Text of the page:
ISLAMABAD - Pakistani rupee fell to its all-time lowest worth against US dollar in open market on Monday mainly because of oil-related payments and $520 million tranches due to be paid to International Monetary Fund (IMF) during the current month.
The dollar reached its highest in the open market on Monday, with one dollar trading for 100.1 rupees. The 100-rupee mark is the highest exchange rate dollar has seen in the history of Pakistan. The open market began the day’s trading at Rs99.70 for buying, fall to 10 paisas and closed at Rs99.80 for buying and Rs100.1 for selling.
The rupee is under severe pressure against dollar these days as Islamabad has to repay $520 million to the IMF.
The government says that devaluation of rupee is the result of ‘speculations’. “The government will take action against banks and exchange companies who are behind speculations regarding dollar value against Pakistani rupee,” said State Minister for Finance and Economic affairs Senator Saleem H Mandviwalla while talking to TheNation.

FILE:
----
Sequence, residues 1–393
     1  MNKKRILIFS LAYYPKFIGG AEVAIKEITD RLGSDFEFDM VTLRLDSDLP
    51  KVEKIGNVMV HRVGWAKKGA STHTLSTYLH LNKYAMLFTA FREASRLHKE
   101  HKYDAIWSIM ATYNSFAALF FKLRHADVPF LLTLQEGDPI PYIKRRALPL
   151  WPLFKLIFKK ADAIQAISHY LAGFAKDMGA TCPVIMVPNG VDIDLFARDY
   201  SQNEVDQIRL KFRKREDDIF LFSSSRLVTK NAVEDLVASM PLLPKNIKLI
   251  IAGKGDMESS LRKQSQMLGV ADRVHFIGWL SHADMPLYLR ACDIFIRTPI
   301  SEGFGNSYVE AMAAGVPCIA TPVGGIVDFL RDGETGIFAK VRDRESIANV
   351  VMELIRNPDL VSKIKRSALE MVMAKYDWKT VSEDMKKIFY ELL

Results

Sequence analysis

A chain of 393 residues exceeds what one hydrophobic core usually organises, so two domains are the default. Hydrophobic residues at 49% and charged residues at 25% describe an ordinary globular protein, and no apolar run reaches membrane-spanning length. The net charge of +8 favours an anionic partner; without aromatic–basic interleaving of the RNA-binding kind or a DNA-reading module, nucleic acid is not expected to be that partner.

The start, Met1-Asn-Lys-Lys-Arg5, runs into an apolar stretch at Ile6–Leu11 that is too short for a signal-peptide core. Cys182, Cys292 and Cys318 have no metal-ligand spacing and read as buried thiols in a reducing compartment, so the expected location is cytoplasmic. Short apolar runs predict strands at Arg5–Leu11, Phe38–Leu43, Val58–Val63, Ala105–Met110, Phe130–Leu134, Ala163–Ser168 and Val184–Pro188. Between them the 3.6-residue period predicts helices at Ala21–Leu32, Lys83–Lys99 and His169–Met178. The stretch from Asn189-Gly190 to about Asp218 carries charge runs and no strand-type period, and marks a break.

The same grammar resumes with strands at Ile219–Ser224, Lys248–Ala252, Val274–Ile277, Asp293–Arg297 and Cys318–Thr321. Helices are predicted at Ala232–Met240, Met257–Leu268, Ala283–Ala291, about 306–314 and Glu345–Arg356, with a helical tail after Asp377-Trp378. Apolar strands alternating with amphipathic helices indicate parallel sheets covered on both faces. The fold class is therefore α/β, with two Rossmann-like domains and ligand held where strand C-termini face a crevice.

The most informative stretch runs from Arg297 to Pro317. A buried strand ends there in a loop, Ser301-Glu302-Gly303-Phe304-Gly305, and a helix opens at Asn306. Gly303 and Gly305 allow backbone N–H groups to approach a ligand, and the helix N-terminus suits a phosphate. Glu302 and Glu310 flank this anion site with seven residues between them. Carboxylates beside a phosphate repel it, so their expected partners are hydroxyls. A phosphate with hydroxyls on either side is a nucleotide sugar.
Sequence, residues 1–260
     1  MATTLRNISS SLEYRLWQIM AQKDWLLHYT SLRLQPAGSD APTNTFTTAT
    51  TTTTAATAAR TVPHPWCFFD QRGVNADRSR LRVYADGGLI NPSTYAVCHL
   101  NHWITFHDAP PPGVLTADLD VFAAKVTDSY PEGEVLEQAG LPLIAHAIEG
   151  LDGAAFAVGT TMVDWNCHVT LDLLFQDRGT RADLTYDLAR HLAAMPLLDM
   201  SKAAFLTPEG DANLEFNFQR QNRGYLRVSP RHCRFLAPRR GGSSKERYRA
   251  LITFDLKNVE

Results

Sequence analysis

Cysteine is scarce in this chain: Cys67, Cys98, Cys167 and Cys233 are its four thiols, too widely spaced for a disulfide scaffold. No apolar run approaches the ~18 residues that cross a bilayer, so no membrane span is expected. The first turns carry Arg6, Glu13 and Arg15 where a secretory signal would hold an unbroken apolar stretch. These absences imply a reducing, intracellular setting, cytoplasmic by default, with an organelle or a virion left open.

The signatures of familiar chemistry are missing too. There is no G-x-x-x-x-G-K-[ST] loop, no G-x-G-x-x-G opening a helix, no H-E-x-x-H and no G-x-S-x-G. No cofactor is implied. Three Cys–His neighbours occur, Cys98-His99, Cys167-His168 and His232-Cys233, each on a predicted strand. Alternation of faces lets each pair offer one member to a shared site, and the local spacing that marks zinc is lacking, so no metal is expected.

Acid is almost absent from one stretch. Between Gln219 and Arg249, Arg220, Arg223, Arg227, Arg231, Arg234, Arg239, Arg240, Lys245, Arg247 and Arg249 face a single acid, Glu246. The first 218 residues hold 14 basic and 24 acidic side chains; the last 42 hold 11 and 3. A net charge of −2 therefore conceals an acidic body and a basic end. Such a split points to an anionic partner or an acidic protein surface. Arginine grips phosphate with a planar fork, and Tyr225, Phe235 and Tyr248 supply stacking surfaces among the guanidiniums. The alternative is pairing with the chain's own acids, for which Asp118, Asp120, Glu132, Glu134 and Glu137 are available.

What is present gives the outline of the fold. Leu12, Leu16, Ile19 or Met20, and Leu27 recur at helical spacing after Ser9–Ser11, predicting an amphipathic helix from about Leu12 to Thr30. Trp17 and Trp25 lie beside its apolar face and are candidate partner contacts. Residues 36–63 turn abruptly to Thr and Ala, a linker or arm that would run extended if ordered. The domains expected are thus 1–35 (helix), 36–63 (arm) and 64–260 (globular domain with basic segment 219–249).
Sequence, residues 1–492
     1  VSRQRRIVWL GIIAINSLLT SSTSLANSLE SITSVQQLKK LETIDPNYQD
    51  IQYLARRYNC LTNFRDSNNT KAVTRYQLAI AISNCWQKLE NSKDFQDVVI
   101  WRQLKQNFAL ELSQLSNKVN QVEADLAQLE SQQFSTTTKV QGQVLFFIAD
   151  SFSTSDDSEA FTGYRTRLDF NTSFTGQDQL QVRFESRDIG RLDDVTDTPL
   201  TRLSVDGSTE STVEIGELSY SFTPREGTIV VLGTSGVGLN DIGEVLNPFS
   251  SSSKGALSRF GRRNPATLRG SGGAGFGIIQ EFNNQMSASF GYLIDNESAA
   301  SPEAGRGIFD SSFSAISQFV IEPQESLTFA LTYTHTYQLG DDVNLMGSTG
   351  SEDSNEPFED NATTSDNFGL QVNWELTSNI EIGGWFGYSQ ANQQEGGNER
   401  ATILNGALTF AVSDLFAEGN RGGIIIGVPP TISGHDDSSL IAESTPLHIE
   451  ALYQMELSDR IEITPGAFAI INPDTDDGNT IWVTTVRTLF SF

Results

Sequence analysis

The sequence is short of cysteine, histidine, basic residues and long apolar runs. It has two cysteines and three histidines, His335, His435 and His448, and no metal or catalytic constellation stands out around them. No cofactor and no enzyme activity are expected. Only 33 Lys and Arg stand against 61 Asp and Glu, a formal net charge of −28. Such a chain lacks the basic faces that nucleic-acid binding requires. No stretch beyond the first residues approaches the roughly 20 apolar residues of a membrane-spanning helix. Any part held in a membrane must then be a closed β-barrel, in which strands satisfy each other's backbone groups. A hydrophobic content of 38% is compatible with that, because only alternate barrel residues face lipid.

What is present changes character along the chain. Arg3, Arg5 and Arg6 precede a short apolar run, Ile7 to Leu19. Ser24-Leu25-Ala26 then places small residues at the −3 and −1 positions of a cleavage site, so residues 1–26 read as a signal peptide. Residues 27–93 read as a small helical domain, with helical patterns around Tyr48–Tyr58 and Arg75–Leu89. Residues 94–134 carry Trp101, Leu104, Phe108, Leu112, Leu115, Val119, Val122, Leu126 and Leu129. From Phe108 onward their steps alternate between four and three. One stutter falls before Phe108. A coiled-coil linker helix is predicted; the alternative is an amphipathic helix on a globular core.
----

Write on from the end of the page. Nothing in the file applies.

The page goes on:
The minister dispelled the impression that dollar value was increasing due the IMF debt payment and oil import bills. He said: “We have enough foreign reserves to repay to IMF. Therefore, IMF factor is not behind the soaring value of dollar in the country.
Economists say that investors showed concerns over the frequent depletion in the foreign exchange reserves. Pakistan’s foreign exchange reserves dropped to $13.474 billion in the last week.
The country has repaid $2.52 billion to the IMF in seven instalments since February 2012.
Sources said that Islamabad would repay $1.7 billion more to the IMF until June this year. Therefore, market sources feared that dollar value might further accelerate in weeks to come.
The economists say that country’s foreign exchange reserves are under pressure as Pakistan is repaying to the IMF, therefore rupee is the on the weaker side against the dollar.
The debt of the country increases with the soaring value of dollar and if dollar goes up by Rs1, the debt will add Rs61 billion.
Prices of petrol, electricity and imported commodities will go up with increase in value of dollar while students abroad will see education becoming more expensive.